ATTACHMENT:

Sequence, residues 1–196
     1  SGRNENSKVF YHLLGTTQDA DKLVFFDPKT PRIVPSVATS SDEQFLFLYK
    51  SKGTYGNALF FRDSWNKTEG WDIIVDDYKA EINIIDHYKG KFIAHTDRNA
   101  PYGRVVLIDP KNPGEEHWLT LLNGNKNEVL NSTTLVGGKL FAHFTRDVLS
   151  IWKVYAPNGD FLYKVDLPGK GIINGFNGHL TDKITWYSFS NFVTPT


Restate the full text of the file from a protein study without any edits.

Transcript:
Sequence, residues 1–196
     1  SGRNENSKVF YHLLGTTQDA DKLVFFDPKT PRIVPSVATS SDEQFLFLYK
    51  SKGTYGNALF FRDSWNKTEG WDIIVDDYKA EINIIDHYKG KFIAHTDRNA
   101  PYGRVVLIDP KNPGEEHWLT LLNGNKNEVL NSTTLVGGKL FAHFTRDVLS
   151  IWKVYAPNGD FLYKVDLPGK GIINGFNGHL TDKITWYSFS NFVTPT